The opinion released Thursday was written by Justice John Pearce, who is the husband of Salt Lake Tribune Editor Jennifer Napier-Pearce.
Kwan had argued in response that his comments were protected under the First Amendment, and that his private Facebook posts were “constitutionally protected speech” that were not “expressly” critical of Trump when he was a presidential candidate. He acknowledged his comments became “more direct, critical and strident” after Trump was elected into office.
The Utah Supreme Court ruled that it could not consider that argument due to precedent but said that didn’t matter anyway — the conduct that Kwan did admit to was enough to warrant a six-month suspension.
In a recent interview with The Tribune, Kwan indicated he’s nearing retirement, although he did not set a date.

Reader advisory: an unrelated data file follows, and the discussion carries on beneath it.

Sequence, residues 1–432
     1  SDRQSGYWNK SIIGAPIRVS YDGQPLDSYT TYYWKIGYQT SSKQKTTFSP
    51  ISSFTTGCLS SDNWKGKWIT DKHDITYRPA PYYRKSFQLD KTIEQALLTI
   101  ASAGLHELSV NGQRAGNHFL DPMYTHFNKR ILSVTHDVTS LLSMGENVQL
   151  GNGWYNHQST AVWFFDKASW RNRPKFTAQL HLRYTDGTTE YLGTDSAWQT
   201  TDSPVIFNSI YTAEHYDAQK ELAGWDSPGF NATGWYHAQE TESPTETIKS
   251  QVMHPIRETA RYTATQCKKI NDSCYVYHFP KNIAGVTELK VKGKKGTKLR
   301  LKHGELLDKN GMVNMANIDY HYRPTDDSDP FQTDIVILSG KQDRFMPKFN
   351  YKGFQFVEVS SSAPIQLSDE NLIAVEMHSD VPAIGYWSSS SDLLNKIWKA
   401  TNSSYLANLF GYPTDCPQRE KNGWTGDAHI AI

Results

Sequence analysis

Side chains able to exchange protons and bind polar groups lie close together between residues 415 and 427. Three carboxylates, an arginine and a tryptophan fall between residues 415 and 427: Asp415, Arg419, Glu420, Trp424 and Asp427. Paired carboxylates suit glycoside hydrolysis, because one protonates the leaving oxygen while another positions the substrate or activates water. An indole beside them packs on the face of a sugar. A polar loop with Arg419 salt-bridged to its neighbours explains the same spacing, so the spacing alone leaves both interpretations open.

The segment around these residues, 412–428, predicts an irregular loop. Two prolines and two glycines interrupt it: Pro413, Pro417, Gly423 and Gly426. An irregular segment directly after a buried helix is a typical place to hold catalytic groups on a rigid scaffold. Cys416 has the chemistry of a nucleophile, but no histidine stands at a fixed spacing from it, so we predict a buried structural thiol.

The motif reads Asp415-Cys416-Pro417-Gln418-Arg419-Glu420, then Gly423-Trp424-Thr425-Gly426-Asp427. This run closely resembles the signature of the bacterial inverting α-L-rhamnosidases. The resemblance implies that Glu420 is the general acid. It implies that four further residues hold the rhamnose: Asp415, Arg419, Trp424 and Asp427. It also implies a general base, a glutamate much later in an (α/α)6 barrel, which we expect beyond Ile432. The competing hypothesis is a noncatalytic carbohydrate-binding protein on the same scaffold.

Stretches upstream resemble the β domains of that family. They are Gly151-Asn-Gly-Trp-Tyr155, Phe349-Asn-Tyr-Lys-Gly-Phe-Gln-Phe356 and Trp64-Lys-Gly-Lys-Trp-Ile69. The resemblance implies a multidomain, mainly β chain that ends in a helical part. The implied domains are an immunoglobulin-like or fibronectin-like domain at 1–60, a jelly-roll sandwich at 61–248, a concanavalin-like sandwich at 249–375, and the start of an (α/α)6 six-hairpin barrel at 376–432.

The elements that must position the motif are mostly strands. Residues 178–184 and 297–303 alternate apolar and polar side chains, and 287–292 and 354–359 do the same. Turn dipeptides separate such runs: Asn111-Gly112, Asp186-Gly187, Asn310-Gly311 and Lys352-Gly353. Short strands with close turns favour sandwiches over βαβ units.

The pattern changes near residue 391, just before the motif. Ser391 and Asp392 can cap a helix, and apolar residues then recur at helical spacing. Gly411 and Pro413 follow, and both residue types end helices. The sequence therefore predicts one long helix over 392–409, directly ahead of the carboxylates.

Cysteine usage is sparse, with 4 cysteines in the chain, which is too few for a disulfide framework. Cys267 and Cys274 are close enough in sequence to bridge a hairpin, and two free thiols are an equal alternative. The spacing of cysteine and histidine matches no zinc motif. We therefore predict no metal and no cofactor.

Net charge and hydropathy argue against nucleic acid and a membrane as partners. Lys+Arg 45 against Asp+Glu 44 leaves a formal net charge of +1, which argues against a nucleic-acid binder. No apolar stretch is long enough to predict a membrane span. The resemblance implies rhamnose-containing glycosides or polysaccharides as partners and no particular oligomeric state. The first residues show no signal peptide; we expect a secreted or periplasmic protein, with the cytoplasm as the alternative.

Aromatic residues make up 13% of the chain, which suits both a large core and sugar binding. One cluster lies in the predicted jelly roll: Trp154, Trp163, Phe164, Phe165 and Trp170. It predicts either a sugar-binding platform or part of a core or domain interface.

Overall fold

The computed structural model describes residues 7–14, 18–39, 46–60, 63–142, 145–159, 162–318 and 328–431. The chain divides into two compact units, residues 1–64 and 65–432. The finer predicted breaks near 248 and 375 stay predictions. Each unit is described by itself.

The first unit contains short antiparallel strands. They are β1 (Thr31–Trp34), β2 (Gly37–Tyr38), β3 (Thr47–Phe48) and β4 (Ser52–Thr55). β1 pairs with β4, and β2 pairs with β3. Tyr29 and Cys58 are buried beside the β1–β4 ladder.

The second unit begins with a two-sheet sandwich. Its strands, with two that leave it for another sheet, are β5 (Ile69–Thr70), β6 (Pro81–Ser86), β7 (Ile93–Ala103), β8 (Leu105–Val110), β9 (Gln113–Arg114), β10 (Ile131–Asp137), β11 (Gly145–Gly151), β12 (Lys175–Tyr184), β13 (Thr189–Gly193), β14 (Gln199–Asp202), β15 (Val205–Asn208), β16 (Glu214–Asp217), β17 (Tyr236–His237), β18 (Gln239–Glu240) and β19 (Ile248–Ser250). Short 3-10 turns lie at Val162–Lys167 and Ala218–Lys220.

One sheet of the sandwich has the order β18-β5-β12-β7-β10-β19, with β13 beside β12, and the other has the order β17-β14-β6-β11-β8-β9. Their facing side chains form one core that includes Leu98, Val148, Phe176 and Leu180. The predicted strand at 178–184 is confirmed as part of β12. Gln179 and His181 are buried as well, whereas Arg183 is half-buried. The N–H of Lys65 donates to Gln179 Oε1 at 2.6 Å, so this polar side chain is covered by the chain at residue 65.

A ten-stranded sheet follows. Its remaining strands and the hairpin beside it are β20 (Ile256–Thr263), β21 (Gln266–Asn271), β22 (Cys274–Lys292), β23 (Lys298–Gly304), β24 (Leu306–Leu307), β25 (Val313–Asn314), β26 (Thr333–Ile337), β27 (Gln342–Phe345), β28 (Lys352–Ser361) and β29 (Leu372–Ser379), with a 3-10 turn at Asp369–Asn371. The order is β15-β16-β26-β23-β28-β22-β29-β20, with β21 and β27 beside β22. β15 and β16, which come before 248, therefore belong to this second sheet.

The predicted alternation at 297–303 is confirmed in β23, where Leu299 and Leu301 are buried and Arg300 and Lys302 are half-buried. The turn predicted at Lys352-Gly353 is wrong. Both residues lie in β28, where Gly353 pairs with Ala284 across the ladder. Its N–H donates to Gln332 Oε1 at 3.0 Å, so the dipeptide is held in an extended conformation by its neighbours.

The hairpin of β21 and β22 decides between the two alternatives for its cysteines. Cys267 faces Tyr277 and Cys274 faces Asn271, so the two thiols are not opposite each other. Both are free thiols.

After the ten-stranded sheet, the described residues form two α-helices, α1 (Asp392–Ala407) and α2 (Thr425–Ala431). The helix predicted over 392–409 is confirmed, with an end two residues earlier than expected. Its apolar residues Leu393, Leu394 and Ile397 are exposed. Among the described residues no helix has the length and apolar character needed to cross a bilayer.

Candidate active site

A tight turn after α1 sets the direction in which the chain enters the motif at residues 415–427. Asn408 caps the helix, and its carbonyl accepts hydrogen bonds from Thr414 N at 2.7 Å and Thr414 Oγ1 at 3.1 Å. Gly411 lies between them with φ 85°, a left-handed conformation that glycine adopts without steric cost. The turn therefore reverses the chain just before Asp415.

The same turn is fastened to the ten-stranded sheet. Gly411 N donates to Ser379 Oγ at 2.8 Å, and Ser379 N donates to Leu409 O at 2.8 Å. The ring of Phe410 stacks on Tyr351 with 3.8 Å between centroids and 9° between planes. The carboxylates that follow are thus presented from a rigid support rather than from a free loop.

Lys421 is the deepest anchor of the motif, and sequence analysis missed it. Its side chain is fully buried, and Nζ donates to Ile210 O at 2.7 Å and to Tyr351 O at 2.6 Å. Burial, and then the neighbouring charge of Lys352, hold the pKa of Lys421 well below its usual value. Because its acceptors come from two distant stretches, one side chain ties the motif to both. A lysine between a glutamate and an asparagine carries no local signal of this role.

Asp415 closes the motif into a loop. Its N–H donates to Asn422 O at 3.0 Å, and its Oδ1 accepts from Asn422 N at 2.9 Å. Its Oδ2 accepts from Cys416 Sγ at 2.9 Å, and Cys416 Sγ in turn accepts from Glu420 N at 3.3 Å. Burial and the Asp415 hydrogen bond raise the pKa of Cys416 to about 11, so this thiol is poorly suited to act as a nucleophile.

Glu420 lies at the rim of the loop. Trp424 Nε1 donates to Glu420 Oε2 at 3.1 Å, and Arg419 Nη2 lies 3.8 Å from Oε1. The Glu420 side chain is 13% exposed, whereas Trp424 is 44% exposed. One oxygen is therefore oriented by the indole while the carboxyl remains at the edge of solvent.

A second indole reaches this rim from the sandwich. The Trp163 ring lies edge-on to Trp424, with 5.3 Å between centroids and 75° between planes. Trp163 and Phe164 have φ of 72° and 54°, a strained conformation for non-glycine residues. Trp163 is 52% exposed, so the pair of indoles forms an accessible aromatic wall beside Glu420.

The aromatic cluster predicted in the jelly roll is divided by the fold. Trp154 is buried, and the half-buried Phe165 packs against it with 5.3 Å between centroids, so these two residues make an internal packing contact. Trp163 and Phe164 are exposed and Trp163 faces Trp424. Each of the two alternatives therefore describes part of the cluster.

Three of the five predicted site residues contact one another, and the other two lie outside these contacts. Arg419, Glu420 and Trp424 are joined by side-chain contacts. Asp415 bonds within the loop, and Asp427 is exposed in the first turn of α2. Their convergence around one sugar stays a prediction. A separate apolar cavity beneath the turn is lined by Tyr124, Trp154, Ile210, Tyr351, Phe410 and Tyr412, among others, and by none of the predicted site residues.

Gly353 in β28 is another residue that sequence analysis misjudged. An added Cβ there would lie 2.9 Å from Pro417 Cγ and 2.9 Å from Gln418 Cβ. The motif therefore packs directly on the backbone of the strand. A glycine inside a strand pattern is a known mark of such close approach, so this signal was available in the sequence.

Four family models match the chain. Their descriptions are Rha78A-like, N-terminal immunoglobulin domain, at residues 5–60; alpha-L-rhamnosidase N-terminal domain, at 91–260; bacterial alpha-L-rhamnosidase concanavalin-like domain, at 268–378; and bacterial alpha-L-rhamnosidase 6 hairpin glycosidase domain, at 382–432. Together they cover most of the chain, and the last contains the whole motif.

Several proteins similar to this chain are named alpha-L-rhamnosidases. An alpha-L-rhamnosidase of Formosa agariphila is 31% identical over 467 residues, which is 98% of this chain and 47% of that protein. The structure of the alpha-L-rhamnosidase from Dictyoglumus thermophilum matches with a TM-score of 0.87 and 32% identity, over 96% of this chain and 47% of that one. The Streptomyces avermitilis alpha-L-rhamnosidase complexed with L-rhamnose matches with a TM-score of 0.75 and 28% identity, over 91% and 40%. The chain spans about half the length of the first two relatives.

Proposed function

In addition to Kwan’s politically charged comments, he was also found to have violated judicial rules in February 2017 when he had a confrontation with a court clerk about a staffer who had been promoted without his involvement. Multiple people described him as “angry” and “screaming.” A short time later, Kwan submitted a written notice for disciplinary action, threatened the clerk with unpaid suspension pending termination and directed her to be escorted from the premises.
Kwan also has a history on being publicly reprimanded from the Utah Supreme Court, according to the opinion. He has been reprimanded in the past for a “crass in-court reference to sexual conduct and a former president of the United States,” and was also warned about participating as president of a nonprofit organization while on the bench.
That centered on his involvement in OCA — Asian Pacific American Advocates, a national group, with a Utah offshoot.
“The organization took public positions on a range of issues,” the opinion reads, “criticized candidates for political office, and posted articles and press releases online that include Judge Kwan’s name and judicial title.”
According to his LinkedIn profile, Kwan has been a justice court judge for Taylorsville more than 21 years. He is also an adjunct professor at Salt Lake Community College. He started one of the first DUI/drug courts in 1998.
Reporter Scott Pierce and editor Matt Canham contributed to this article.